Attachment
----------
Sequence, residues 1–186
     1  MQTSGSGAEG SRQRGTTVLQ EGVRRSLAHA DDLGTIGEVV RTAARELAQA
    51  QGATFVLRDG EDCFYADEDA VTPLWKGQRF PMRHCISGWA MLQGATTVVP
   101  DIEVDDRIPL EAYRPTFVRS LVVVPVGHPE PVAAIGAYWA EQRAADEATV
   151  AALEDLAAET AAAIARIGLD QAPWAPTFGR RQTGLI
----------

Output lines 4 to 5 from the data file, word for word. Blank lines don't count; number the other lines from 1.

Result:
   101  DIEVDDRIPL EAYRPTFVRS LVVVPVGHPE PVAAIGAYWA EQRAADEATV
   151  AALEDLAAET AAAIARIGLD QAPWAPTFGR RQTGLI